Pelosi sent mixed signals on how far Democrats would go to secure their priorities, saying on one hand that "Democrats are not willing to shut government down" but on the other that they "will not leave" Washington for the holidays without a fix for dreamers.
The main source of the Democrats' leverage, however, is the Republicans' desire to increase military spending to more than $600 billion in 2018.
Under a 10-year budget deal struck in 2011, Congress may appropriate a maximum of $549 billion for defense programs and $516 billion for nondefense programs next year. Republican leaders have floated a $54 billion boost in defense next year and a $37 billion increase in nondefense spending. Democrats have thus far demanded equivalent increases for both.
"We need a strong national defense, but we also need a strong domestic budget," Pelosi said Thursday.
Among those joining the White House meeting Thursday were Vice President Pence, Defense Secretary Jim Mattis, White House budget director Mick Mulvaney and senior adviser Stephen Miller.
Mattis and Mulvaney are seen on Capitol Hill as pivotal figures in a clash within the Trump administration over whether to cut a deal with Democrats to raise domestic spending to secure an increase in the military budget. Mattis has pushed internally to work with Democrats to secure a bigger military budget, while Mulvaney has argued for pursuing a harder line. Miller, meanwhile, is considered the strongest advocate in the White House for tougher immigration policies and argued Thursday for new strictures as part of any dreamer deal, according to a congressional aide briefed on the meeting.
The stopgap bill Congress passed Thursday does not change existing spending levels, and defense hawks have resisted calls to pass temporary bills into the new year, arguing that the military needs a boost.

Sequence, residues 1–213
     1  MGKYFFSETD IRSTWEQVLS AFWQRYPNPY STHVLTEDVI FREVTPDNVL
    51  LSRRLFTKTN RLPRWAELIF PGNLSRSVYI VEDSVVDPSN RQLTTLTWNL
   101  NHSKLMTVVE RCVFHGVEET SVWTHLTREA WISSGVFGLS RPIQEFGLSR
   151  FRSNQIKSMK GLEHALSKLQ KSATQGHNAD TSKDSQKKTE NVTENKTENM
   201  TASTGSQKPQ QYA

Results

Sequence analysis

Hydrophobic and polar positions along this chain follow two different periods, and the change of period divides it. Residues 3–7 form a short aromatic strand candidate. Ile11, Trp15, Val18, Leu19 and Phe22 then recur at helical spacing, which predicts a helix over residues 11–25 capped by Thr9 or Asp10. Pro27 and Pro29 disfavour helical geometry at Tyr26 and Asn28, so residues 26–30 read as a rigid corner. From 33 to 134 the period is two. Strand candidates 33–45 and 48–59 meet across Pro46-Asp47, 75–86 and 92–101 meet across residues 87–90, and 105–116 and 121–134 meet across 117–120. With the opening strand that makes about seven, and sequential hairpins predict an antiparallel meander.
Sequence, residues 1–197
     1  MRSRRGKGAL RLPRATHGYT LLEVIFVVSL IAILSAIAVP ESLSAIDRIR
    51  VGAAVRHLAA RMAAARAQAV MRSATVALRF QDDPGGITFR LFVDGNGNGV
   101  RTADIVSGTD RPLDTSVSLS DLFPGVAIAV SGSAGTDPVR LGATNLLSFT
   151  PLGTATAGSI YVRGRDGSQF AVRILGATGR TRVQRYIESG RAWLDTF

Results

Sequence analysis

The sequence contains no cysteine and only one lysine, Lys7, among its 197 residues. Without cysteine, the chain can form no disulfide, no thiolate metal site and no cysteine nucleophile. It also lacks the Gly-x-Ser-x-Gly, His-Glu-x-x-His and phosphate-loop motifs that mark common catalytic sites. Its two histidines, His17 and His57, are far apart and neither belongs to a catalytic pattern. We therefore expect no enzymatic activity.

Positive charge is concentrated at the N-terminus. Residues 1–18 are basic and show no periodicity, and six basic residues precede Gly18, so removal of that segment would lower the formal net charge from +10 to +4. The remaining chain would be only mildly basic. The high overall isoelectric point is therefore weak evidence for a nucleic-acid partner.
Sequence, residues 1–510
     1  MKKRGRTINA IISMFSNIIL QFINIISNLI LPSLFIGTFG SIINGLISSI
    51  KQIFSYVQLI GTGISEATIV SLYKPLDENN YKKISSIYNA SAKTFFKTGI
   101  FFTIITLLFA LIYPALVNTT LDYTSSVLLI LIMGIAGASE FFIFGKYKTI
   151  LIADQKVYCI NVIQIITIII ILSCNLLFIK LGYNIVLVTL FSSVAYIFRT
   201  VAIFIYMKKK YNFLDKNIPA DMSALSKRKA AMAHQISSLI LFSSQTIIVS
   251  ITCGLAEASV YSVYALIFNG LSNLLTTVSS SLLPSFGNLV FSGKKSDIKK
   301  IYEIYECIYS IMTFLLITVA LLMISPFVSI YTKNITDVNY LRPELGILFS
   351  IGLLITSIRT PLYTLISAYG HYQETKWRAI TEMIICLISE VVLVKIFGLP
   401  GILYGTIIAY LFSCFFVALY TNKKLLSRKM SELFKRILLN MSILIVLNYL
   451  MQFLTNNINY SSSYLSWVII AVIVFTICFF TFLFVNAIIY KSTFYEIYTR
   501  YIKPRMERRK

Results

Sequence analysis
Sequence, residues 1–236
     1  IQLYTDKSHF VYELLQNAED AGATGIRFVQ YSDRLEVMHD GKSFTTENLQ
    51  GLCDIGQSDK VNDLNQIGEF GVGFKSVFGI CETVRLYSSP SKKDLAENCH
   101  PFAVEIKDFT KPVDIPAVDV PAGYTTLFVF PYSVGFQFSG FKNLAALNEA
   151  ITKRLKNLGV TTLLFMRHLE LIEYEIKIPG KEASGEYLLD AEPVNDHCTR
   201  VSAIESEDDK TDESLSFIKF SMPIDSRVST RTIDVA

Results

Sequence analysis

But conservatives see it differently: They want to provoke a confrontation with Democrats and break a cycle of bipartisan deals that has led both military and nondefense discretionary spending to rise in lockstep. They are also wary of a year-end spending bill becoming a legislative "Christmas tree" that could include relief for dreamers and other Democratic priorities.
That, Meadows said, would be "not only problematic, but it will be met with such resistance that we haven't seen on the Hill for many, many years."
Meadows said he is pushing House Speaker Paul D. Ryan (R-Wis.) to "do short-term spending until we break the defense-nondefense connection." He said GOP leaders have expressed openness to drafting a funding bill this month that funds the military through the remainder of the fiscal year while leaving the remainder of the federal bureaucracy subject to a weeks-long extension.
Ryan declined Thursday to confirm any such deal; Pelosi said it would be a nonstarter for Democrats. Were the House to pass such a bill, the Senate would be likely to send back a bipartisan measure that would include provisions that conservatives dislike. But that could win votes from House Democrats, sidelining the conservatives.
"We're going to take the speaker at his word that he's going to fight," Meadows said, adding, "If all we do is pass a bill and watch the Senate change it, and then agree to higher spending, that is not a fight."